A woman who filed charges against her employer for failing to accommodate her and encouraging her to resign when she was breastfeeding cannot continue with her lawsuit, a court ruled on Thursday.
Angela Ames returned to work in 2010 at Nationwide Mutual Insurance in Des Moines after a two-month maternity leave. She needed to breastfeed every three hours, but the company refused to let her use its lactation rooms because she had not completed necessary security paperwork, which she was unaware was a requirement and would take three days to process. A nurse told her she could lactate in a wellness room, but that it might expose the milk to germs.
While she was in pain after being unable to express her milk for several hours, her supervisor told her she would have to work overtime. When she then spoke to her department head, Karla Neel, she told her it was not her responsibility to help her, and she said, “I think it’s best that you go home to be with your babies.” Neel then handed Ames papers with details of her resignation on them and told her to sign. In addition, several months prior, her supervisors told Ames she may have to cut her maternity leave short and gave the impression that taking extra unpaid leave would be looked at unfavorably.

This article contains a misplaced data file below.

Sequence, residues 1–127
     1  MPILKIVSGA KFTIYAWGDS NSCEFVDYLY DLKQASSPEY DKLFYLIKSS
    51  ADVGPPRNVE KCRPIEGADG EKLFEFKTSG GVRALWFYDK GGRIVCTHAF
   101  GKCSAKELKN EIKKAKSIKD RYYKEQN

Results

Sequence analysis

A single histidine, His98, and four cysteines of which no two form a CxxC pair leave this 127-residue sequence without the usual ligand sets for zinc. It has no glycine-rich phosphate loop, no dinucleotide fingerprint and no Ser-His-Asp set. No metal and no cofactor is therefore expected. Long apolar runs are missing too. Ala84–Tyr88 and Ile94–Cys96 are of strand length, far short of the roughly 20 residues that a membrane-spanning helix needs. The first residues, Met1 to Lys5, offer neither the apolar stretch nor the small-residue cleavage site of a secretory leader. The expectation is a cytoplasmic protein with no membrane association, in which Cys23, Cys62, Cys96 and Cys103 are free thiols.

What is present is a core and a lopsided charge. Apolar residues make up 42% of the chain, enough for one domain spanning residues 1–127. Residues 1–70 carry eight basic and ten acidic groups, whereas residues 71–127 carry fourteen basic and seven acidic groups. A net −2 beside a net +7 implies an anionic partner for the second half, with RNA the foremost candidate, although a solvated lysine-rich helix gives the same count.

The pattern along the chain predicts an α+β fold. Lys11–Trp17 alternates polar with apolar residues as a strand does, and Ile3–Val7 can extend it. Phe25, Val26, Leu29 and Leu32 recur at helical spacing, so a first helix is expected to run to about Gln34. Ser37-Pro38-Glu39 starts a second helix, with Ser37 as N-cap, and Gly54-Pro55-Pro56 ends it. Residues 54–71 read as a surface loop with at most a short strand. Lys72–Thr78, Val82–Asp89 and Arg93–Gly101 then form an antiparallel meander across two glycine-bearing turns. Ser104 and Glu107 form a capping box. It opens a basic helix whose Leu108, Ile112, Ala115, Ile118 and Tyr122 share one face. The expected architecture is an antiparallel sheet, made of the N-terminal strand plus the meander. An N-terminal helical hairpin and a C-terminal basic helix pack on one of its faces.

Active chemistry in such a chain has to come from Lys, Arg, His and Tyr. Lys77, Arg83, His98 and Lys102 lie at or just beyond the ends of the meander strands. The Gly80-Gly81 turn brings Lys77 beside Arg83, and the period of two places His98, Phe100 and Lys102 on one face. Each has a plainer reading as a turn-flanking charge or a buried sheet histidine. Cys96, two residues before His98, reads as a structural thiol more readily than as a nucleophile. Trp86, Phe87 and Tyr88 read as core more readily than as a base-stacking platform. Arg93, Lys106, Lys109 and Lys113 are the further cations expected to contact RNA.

Ames filed a lawsuit alleging gender and pregnancy discrimination at the state and federal level. A US District Judge dismissed the case in 2012, but the US Equal Employment Opportunity Commission filed a friend-of-the-court brief urging that it be reinstated. Against all evidence, the 8th US Circuit Court of Appeals – a court of all men – ruled that Ames had not provided legal proof that she had been discriminated against, that the company had properly tried to accommodate her needs, and that a reasonable person would not “jump to the conclusion that her only option was to resign,” even though Ames was in significant pain and distress at the time.
Despite the Pregnancy Discrimination Act of 1978’s bar on discrimination toward pregnant employees, many American women are forced out of their jobs or denied accommodations that would allow them to continue working once they become pregnant. The Pregnant Workers Fairness Act (PWFA) would strengthen it, requiring employers to provide reasonable accommodations for workers and barring them from denying employment opportunities based on a reasonable accommodation, but it has stalled in Congress since last May.
Media Resources: ThinkProgress 3/19/14; MSN News 3/19/14; Feminist Newswire 2/4/14, 5/15/13
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